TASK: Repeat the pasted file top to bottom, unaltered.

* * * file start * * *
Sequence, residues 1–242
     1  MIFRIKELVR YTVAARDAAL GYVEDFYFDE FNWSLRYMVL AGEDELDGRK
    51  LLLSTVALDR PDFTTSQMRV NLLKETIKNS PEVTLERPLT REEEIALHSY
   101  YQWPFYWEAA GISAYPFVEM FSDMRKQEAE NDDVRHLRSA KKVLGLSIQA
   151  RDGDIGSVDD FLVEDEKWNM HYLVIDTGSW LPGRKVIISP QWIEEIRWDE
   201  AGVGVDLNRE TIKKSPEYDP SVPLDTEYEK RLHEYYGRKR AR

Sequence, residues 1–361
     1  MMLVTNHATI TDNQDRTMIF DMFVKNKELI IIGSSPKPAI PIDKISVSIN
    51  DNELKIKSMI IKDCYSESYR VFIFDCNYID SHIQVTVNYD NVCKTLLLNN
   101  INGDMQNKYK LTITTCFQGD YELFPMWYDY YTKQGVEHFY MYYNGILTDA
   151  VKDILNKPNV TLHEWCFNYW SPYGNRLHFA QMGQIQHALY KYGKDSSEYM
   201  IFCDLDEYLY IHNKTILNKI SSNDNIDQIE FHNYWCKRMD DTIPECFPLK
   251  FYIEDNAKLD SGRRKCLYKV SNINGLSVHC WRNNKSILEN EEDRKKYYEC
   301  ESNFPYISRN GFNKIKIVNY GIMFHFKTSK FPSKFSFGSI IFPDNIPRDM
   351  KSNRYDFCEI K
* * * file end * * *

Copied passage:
Sequence, residues 1–242
     1  MIFRIKELVR YTVAARDAAL GYVEDFYFDE FNWSLRYMVL AGEDELDGRK
    51  LLLSTVALDR PDFTTSQMRV NLLKETIKNS PEVTLERPLT REEEIALHSY
   101  YQWPFYWEAA GISAYPFVEM FSDMRKQEAE NDDVRHLRSA KKVLGLSIQA
   151  RDGDIGSVDD FLVEDEKWNM HYLVIDTGSW LPGRKVIISP QWIEEIRWDE
   201  AGVGVDLNRE TIKKSPEYDP SVPLDTEYEK RLHEYYGRKR AR

Sequence, residues 1–361
     1  MMLVTNHATI TDNQDRTMIF DMFVKNKELI IIGSSPKPAI PIDKISVSIN
    51  DNELKIKSMI IKDCYSESYR VFIFDCNYID SHIQVTVNYD NVCKTLLLNN
   101  INGDMQNKYK LTITTCFQGD YELFPMWYDY YTKQGVEHFY MYYNGILTDA
   151  VKDILNKPNV TLHEWCFNYW SPYGNRLHFA QMGQIQHALY KYGKDSSEYM
   201  IFCDLDEYLY IHNKTILNKI SSNDNIDQIE FHNYWCKRMD DTIPECFPLK
   251  FYIEDNAKLD SGRRKCLYKV SNINGLSVHC WRNNKSILEN EEDRKKYYEC
   301  ESNFPYISRN GFNKIKIVNY GIMFHFKTSK FPSKFSFGSI IFPDNIPRDM
   351  KSNRYDFCEI K